ESL Jobs in Africa Teach English in Africa
Teaching English in Africa can be much more than a job. It can be a very rewarding experience that can lead to personal growth and can be combined with humanitarian position. Teachers need to bear in mind though that conditions can be challenging at times and many schools are under equipped, some with no materials to base teaching on.
Africa Education Initiative (AEI)
Students in Senegal reading from new textbooks.
Credit: R. Nyberg, USAID/Senegal.
Primary school enrollments in African countries are among the lowest in the world. Education in most of Africa is adversely affected by limited funds and lack of adequate numbers of teachers, classrooms, and learning materials. President Bush’s Africa Education Initiative (AEI) is a $600 million multi-year initiative that focuses on increasing access to quality basic education in Africa through scholarships, textbooks, and teacher training programs.
Ambassadors Girls’ Scholarship Program
In Africa, girls account for 55 percent of the approximately 40 million primary school-aged children who are not enrolled in school. AEI is working to bridge this gender gap by providing 550,000 scholarships by 2010 to African girls at the primary and secondary levels, so that they can grow up to play positive roles in the education, political, and economic sectors of their countries. Support may include tuition, books, uniforms, and other essentials needed to ensure continued access to education. Scholarship recipients also benefit from mentoring activities that promote self-development and provide positive role models.
Textbooks and Learning Materials
The AEI textbook program will address the shortage of learning materials in many African countries. In partnership with African institutions and American minority serving institutions, AEI will develop and distribute 15 million textbooks and related learning and teaching materials. This program emphasizes relevant content, institutional capacity building, and the long-term sustainability of the partnerships between African institutions and American counterparts.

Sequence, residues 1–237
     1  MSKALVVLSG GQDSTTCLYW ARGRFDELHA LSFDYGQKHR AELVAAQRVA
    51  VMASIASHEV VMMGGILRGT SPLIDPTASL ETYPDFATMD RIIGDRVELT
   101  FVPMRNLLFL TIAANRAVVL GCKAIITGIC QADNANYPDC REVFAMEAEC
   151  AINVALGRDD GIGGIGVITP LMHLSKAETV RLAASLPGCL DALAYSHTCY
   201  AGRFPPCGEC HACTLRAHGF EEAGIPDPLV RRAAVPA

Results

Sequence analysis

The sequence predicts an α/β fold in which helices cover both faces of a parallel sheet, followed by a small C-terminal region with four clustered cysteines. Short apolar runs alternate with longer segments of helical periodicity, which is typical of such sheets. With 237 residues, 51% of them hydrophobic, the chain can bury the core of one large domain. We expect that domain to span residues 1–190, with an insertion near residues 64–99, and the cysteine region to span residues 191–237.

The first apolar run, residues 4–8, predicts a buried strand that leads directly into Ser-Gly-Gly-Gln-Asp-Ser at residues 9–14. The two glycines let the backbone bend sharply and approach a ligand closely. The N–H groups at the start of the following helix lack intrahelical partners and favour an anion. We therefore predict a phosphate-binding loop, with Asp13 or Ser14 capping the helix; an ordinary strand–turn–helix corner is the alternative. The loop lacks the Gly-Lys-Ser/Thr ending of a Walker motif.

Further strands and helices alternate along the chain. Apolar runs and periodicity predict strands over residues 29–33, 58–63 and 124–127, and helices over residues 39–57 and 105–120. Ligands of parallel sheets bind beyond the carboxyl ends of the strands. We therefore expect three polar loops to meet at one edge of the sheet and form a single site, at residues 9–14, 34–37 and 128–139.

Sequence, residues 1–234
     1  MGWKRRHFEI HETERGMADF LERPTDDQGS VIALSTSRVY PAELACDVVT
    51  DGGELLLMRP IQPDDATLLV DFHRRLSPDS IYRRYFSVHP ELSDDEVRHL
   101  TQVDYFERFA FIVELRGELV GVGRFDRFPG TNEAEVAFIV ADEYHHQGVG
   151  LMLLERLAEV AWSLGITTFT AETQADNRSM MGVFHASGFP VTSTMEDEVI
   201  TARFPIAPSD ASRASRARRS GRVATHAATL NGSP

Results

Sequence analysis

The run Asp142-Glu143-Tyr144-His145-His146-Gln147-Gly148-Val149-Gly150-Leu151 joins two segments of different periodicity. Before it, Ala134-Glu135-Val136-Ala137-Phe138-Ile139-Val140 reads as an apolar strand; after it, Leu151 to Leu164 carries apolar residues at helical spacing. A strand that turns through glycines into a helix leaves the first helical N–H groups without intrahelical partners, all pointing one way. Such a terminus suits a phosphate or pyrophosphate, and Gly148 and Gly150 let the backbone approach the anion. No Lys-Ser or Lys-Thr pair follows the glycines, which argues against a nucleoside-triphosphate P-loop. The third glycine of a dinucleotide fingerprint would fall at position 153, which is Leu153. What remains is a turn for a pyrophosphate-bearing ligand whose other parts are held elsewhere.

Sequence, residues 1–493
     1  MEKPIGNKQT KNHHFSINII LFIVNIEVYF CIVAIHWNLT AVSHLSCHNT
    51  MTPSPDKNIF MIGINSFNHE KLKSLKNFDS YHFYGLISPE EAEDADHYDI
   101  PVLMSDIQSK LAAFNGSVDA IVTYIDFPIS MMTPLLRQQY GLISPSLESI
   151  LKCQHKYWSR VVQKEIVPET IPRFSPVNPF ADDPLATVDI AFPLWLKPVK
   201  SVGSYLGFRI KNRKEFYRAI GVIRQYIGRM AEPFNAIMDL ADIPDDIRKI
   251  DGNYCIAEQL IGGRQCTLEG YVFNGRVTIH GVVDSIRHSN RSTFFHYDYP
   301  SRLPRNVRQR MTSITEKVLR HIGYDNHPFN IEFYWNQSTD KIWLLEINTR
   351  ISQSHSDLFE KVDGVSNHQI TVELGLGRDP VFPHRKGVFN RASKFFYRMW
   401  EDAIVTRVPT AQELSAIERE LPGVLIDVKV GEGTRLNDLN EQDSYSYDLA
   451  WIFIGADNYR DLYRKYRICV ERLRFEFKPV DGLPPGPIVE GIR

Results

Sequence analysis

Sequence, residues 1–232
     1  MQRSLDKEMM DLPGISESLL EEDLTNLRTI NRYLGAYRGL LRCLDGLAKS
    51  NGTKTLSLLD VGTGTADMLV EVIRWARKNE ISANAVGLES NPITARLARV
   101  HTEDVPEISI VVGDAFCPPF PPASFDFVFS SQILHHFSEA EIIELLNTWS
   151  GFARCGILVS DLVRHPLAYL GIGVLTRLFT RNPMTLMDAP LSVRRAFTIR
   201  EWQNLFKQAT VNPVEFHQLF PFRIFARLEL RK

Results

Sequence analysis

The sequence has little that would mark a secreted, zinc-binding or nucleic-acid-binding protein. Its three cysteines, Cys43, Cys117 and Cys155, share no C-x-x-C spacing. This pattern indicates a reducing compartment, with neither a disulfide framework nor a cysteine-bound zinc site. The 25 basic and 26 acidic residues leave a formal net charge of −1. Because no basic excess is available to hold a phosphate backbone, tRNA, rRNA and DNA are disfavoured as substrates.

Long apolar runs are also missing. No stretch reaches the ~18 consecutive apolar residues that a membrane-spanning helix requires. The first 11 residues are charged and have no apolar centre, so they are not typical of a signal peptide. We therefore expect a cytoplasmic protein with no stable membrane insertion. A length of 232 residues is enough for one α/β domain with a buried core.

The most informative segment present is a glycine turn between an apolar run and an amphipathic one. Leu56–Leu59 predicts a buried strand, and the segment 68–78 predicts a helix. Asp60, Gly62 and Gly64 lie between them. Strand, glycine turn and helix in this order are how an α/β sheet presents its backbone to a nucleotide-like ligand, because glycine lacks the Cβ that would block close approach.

The pursuit of universal access to education places enormous stress on already burdened education systems in Africa. Recruiting, training, and supporting enough teachers to provide quality learning can be particularly challenging. To meet this challenge, AEI is developing, promoting, and expanding innovative methods for training more that 920,000 teachers and administrators to improve the quality of learning for millions of African children.
Scholarship recipients in northern Mali.
Working through USAID mission education programs, the International Foundation for Education and Self-Help, and African and international nongovernmental organizations, teachers upgrade their skills though pre-service and in-service training programs.
AEI supports a focus on HIV/AIDS mitigation and prevention and increases the capacity of African education systems to manage the impacts of HIV/AIDS on teachers and students. Many of the scholarship and teacher training programs include HIV/AIDS prevention and life skills curricula.
The initiative also increases parent and community involvement in children’s education through such activities as sponsoring reading programs and strengthening parent associations. This will help schools and school systems become more transparent and responsive to the needs of civil society.
Under the second phase of AEI, which will begin in fiscal year 2007, new components will be added including outreach to marginalized populations such as orphans and vulnerable children and out-of-school youth; construction and rehabilitation of schools; and use of technologies including information technologies and interactive radio instruction. Over the life of AEI (2002-2010), 80 million African children will benefit.
To implement AEI, USAID works closely with African ministries of education and higher education institutions, local and international NGOs, and the private sector. AEI also seeks to strengthen and extend development partnerships between the United States and Africa by actively engaging African leaders and educators, the international development community, and U.S. interest groups.